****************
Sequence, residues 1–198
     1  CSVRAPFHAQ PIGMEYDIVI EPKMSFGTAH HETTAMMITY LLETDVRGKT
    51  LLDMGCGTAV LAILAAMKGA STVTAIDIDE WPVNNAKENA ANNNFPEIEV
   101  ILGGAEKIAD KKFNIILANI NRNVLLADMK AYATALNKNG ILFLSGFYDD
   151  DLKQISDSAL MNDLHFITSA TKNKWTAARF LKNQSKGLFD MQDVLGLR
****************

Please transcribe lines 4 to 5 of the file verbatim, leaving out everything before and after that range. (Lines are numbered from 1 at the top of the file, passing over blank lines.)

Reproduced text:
   101  ILGGAEKIAD KKFNIILANI NRNVLLADMK AYATALNKNG ILFLSGFYDD
   151  DLKQISDSAL MNDLHFITSA TKNKWTAARF LKNQSKGLFD MQDVLGLR